Today, there are a few players who can make a good living S&Ving, the best of them being Radek Stepanek--the others that come to mind are Mahut and Llodra. All three fit the delayed gratification/late-bloomer mold. But are these guys the best representatives? Do these guys have the skills to reach the top? I think not. Wouldn't a superior athlete, like a Rafter or a Federer, be a better measuring stick? Certainly. Unfortunately, you'd have to forego a ton of cabbage up front like Rafter did.
Dmast, you were talking about how cash money is bad for the sport. Well, I throw it in as a HUGE factor for lack of variety in today's game.

100% coooorrrect!  :with stupid:

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Offline monstertruck

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Re: Who likes the changes at Wimby?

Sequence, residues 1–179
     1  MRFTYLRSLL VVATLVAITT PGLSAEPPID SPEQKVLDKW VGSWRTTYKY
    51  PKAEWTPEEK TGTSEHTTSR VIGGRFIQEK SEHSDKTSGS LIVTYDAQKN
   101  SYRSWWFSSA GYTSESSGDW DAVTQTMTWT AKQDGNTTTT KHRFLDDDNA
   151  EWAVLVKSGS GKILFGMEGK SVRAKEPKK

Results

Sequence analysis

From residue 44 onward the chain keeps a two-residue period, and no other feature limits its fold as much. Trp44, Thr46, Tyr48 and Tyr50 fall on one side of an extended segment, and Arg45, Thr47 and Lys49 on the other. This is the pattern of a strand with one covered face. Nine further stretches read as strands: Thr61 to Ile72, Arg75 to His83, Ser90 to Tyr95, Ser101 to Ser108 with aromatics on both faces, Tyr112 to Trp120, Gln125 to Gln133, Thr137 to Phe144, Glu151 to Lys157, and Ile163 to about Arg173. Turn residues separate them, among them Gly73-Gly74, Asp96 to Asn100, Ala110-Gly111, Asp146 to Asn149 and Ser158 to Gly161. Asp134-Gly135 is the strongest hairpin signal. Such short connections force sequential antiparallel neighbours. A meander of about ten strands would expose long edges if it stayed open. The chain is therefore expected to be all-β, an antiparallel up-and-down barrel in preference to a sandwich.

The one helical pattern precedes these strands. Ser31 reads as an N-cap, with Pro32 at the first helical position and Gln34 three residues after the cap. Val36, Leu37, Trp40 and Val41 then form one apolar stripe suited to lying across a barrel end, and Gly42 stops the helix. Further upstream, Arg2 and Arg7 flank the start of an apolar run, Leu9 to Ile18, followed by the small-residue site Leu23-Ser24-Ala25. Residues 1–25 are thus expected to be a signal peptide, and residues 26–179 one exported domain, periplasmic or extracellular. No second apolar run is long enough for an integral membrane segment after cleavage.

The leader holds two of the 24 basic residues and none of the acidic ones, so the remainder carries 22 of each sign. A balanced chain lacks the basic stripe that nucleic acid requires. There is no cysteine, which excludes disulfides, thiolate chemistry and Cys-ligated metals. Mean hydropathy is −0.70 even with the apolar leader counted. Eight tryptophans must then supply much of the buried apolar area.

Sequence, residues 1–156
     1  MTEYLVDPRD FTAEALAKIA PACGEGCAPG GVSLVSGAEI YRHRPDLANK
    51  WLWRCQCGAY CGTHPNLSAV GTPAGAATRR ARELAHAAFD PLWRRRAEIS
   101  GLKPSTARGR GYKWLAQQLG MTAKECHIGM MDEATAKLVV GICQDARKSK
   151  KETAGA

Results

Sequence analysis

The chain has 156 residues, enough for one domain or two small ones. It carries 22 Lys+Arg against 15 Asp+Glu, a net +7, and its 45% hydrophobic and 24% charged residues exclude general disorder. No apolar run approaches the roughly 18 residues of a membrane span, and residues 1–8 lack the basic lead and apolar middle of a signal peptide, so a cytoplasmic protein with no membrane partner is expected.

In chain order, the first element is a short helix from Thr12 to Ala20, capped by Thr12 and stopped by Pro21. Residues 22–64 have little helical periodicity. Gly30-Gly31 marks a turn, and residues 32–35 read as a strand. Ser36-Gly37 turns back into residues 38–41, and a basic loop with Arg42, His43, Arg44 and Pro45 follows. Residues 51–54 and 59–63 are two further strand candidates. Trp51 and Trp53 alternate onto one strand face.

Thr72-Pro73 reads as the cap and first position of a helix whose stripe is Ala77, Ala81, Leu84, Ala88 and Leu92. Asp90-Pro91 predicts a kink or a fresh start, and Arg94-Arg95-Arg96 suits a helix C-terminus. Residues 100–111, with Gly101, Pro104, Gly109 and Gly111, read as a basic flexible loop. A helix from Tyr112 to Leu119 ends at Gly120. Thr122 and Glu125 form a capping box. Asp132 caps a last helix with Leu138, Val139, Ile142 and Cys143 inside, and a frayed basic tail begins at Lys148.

« Reply #37 on: July 08, 2008, 11:06:57 AM »
I agree that the players you mentioned have no real shot at the top of the pyramid.
What's interesting is the fact that they are successful on the pro tour!
And lets not forget Super Mario!  I'd like to see him stay healthy for a couple of years and develop his game a bit further.  I think he could make the top 20 and stay there if his health were good.
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Offline monstertruck

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Re: Who likes the changes at Wimby?
« Reply #38 on: July 08, 2008, 11:07:33 AM »
Sorry to bother you at work Brah! ;-() :rofl_2:
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Offline pawan89

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Re: Who likes the changes at Wimby?
« Reply #39 on: July 08, 2008, 03:54:09 PM »
Some really great points here  :cool: Naturally, I am taking Dmast and Monster's side here.